New Publication on Japanese Barberry and its Effects on Birds

Great Hollow

Since 2016, Great Hollow has been studying the impacts of the invasive shrub, Japanese barberry, on habitat quality for forest wildlife. One of the first things we discovered is the species composition of insects and other invertebrates, which are a critical food source for wildlife and the foundation of forest food webs, is significantly different in barberry-invaded forest patches than where native plants are still dominant (published here). This could have important ramifications for insectivorous animals higher in the food web that depend on healthy, intact invertebrate communities with which to feed themselves and their young. As such, we began to wonder if in fact these effects from barberry on invertebrates are, in turn, influencing the diet composition of insectivorous animals. In our newest paper, published last week in the Canadian Journal of Zoology, we show that the diet of a common forest songbird, the ovenbird (pictured above), does not simply mirror the changes in the menu of insects available to them in barberry-invaded habitats. By matching stable isotope signatures in the birds’ blood to those in different species of insects, we could determine what the birds are eating and found the birds’ diets to be nearly the same regardless of whether their nesting territory was loaded with Japanese barberry or native plants. This suggests the birds are shifting their foraging behavior to find preferred prey items in response to changes in the relative abundance of different invertebrate groups caused by barberry. From other previous research of ours, there do not appear to be energetic costs associated with any such compensatory shift in foraging effort, so the ovenbirds seem to be easily obtaining their preferred prey in barberry-invaded forests. Overall, this adds to a growing body of evidence that Japanese barberry may not be having major impacts to native birds, despite how invasive and prevalent it is, and conservation resources should perhaps be directed at other invasive plant species.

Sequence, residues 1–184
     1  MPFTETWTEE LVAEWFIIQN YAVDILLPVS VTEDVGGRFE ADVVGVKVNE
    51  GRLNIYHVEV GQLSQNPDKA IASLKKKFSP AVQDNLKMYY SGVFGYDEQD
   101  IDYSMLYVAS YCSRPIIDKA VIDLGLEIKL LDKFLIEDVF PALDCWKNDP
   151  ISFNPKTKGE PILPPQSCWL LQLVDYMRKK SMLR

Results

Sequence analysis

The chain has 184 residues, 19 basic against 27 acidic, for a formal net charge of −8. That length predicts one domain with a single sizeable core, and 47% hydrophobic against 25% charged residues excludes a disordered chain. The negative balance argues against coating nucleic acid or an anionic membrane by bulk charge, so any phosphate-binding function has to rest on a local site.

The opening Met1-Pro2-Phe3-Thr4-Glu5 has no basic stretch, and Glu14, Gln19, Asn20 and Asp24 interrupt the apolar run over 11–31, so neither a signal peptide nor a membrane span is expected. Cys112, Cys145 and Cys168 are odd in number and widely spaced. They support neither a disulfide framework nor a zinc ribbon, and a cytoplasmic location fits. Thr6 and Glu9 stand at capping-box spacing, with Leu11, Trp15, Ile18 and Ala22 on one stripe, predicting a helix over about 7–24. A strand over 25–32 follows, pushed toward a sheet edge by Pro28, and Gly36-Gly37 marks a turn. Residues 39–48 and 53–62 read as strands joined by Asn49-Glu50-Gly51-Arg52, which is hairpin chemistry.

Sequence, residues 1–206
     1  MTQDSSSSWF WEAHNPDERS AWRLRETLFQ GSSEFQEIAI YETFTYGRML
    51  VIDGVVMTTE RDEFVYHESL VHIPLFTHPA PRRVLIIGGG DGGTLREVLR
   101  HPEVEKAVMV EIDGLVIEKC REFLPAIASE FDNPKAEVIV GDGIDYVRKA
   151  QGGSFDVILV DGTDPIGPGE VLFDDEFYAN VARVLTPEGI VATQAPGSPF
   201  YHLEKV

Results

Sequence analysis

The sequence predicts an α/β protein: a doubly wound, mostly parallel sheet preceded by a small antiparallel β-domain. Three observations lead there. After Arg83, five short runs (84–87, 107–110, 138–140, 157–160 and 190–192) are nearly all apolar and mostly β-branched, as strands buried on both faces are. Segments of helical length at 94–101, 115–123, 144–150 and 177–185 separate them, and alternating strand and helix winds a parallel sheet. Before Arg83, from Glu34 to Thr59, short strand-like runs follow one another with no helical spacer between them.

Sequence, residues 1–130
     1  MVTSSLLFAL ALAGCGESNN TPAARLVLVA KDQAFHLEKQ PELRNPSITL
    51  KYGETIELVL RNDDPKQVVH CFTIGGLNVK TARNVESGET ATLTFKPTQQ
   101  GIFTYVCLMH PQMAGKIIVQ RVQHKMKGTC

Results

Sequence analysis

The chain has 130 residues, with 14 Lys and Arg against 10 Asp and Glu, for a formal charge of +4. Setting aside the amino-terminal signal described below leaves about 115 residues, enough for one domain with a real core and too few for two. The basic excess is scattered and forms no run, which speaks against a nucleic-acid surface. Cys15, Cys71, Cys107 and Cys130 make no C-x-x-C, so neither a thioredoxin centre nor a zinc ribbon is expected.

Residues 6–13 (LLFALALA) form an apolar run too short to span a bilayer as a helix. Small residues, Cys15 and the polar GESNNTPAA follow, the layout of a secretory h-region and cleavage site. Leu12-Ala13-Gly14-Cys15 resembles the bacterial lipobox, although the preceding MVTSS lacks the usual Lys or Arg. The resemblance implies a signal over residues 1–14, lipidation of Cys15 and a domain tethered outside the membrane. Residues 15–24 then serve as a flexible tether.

Access to full journal article: Carter, W.A. and C.L. Seewagen. 2023. Alteration of a temperate forest invertebrate community by invasive Japanese Barberry (Berberis thunbergii) has limited influence on the diet composition of territorial Ovenbirds (Seiurus aurocapilla). Canadian Journal of Zoology

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